In the year 1933 a land commission was formed by the then British colonial government and was known as ” Carter Land Commission”, which set out policies on land uses and acquisition. The Kibra land case was particularly mentioned in this report where special consideration was given to the area.

In the year 1934, a plan of  “location survey of buildings and agricultural lands”  was prepared which showed the numbered plots allocated to the ex-Sudanese soldiers and their descendants.

These plots were considered in the same category as any rural ancestral land around the country and therefore subject to being accorded appropriate security of tenure ownership document.

Broken agreement

When people “treatied” or “agreed” with one another, on whatever agreement with one another, each party’s interest, its pride and its word were at stake. The word  used in this case “agreed” (to give this piece of land to the ex-Sudanese soldiers as a gift) was given in a very sacred way and should not have been very easily broken.

Rewriting history

The present authority appear to have distorted the history about Kibra. It is difficult to find written document about this piece of land.

In the early years when the then British colonial government recognized and handed over the land to the ex-soldiers, the crown of the Great Britain must have laid down a process in the proclamation that set forth the policy on this particular piece of Kibra land. To my knowledge, that policy has not been revoked at any time. In the proclamation, the Colonial government must have recognized that  any land possessed or given to a certain individual or group would be reserved for them until they ceded that land back to the authority.

In the Carter Land Commission of 1933 report lies a proclamation that could be regarded as the first major  legal link between the Kibra Nubians and and the Kenya government. And by virtue of that proclamation, it can be said that Kibra is legally an area reserved for Nubians.

Non-committal

The history on the settlement of Kibra has shown that the successive Kenya governments have continued to disregard the plight of the Nubian community. The oppression of this marginalized community is about the denial of security of land tenure and the citizenship rights.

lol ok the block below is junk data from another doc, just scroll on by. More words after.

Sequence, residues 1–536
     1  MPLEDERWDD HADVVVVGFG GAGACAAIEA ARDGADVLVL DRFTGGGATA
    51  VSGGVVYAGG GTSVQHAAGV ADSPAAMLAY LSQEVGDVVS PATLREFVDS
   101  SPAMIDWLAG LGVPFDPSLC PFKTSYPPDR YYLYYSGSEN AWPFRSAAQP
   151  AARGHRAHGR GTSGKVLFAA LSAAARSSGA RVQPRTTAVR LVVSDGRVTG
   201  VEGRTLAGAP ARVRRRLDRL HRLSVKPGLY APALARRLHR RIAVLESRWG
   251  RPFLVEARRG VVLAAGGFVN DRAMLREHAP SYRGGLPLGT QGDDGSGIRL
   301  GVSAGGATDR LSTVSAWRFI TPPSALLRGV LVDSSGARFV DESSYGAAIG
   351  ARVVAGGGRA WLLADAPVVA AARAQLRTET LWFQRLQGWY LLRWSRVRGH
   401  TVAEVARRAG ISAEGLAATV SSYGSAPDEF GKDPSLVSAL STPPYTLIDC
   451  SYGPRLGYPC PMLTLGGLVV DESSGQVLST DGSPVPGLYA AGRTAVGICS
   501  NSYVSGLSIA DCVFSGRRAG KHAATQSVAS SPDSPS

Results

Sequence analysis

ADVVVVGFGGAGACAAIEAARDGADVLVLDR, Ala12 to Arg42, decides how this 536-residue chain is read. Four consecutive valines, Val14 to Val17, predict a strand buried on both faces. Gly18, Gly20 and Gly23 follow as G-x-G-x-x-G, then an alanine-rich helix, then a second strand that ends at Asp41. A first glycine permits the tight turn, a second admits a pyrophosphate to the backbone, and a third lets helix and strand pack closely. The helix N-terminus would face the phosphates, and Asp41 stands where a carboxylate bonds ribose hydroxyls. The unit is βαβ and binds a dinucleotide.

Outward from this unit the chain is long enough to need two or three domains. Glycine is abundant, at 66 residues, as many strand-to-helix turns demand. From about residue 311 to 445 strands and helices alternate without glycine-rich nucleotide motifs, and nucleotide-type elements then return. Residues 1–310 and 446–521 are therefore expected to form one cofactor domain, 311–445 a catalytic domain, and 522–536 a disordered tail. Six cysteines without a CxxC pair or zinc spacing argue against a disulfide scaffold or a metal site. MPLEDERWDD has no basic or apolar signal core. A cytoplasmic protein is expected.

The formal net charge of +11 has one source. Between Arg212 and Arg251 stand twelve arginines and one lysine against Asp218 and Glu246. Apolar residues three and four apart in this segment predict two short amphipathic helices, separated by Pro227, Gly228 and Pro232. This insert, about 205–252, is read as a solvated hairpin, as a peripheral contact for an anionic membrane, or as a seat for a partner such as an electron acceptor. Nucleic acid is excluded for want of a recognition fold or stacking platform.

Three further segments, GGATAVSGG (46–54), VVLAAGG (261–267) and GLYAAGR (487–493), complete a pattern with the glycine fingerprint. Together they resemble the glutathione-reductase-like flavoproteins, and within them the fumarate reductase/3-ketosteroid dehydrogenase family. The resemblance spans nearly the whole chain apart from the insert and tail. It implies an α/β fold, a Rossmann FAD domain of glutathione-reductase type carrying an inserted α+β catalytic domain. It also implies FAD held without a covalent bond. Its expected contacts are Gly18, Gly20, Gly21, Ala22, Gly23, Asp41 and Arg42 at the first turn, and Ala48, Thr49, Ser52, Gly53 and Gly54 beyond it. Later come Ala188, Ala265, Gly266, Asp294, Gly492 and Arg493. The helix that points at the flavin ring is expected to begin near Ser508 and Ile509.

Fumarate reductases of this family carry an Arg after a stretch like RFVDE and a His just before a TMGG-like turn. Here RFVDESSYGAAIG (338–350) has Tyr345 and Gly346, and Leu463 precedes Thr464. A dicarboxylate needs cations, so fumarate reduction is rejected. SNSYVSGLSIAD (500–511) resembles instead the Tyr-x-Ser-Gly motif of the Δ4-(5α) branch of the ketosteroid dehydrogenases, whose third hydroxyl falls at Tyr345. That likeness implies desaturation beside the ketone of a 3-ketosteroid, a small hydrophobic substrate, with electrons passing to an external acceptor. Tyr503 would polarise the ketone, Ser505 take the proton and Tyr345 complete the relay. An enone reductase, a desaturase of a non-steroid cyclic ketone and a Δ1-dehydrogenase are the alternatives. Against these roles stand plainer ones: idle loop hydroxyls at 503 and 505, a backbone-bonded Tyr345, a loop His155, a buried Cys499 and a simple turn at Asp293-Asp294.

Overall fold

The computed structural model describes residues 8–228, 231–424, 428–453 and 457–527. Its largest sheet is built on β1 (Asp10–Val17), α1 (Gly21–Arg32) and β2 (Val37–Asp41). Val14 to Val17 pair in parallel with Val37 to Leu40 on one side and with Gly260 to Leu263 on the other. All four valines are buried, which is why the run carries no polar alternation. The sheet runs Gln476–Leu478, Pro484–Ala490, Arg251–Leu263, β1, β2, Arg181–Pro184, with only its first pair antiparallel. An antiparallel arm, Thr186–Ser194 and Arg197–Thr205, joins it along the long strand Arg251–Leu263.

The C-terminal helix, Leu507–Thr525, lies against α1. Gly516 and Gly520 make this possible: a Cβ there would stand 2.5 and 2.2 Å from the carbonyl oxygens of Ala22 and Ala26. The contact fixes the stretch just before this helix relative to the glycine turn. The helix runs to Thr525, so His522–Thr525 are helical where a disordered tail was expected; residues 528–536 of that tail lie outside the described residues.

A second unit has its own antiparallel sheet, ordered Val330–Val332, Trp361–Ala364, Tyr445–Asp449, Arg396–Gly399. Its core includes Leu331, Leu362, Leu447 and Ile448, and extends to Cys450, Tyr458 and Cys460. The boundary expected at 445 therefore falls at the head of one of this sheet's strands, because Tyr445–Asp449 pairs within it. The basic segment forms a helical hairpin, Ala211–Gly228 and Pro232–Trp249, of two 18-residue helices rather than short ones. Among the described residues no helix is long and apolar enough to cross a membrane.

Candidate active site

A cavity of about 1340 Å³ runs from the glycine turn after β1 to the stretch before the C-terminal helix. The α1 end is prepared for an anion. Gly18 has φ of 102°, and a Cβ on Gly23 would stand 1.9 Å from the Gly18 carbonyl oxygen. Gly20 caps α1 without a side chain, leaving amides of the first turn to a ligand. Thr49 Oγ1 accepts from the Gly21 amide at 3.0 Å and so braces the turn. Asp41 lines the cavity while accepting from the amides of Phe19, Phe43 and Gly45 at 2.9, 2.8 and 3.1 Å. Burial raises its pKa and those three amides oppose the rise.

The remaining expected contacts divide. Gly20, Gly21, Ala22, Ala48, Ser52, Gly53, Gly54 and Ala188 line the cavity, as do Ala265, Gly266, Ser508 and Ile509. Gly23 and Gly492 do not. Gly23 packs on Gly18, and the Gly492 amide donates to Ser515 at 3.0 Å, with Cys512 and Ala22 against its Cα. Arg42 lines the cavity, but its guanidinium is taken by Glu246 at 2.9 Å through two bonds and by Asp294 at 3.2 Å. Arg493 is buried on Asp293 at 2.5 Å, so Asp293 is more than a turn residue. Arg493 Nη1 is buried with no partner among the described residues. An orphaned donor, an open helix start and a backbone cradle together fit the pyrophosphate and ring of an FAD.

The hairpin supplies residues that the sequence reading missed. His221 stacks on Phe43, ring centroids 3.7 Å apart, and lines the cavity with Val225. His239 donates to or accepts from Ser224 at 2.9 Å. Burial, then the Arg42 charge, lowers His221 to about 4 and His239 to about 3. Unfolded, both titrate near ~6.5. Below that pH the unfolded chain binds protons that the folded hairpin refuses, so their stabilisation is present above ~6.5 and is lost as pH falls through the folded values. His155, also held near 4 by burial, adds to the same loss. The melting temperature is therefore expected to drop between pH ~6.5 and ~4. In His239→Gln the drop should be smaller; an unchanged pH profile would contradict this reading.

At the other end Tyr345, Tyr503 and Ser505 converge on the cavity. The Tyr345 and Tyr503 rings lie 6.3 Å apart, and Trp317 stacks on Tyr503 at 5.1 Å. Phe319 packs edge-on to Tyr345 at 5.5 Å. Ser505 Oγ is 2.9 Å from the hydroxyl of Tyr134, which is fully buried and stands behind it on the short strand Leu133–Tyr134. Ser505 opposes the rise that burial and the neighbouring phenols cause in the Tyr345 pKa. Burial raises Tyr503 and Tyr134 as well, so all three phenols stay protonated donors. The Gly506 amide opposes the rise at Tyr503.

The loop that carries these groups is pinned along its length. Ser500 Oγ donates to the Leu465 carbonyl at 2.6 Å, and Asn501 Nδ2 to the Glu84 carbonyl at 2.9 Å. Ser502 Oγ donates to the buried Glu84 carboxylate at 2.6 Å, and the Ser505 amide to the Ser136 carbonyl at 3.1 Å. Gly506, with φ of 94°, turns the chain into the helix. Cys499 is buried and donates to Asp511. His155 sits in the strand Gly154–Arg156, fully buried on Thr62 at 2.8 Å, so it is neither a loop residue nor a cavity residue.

On the other hand, why have the successive British governments maintain a non-committal stance on this matter?

 

 

Street Children Dilemma

Paradise Lost!_Street Children_Indonesia_02
Paradise Lost!_Street Children_Indonesia_02 (Photo credit: henri ismail)

Street children

The Kenyan Coastal city of Mombasa has become a heaven for street children in the resent years. These children come from various parts of Kenya. Their numbers are increasing rapidly and they have become a great security risk in the city. Those who came to this city in mid 90’s are now grown ups, homeless and jobless.

The term ‘street children’ is used for children experiencing homelessness and who primarily reside on the streets of a city. This kind of living being more less a more permanent state for them.

These children differ in age, gender, ethnicity, social class, and  have had different experiences throughout their life times.

The causes of their misery are varied but are often related to domestic, economic and social disruptions in the families, including, but not limited to poverty, breakdown of homes and/or families, and political unrest.

What kind of life do they live?

They have no any kind of basic sanitation, no running water.

They have no descent clothing, they wear rags.

They have no food or drinks.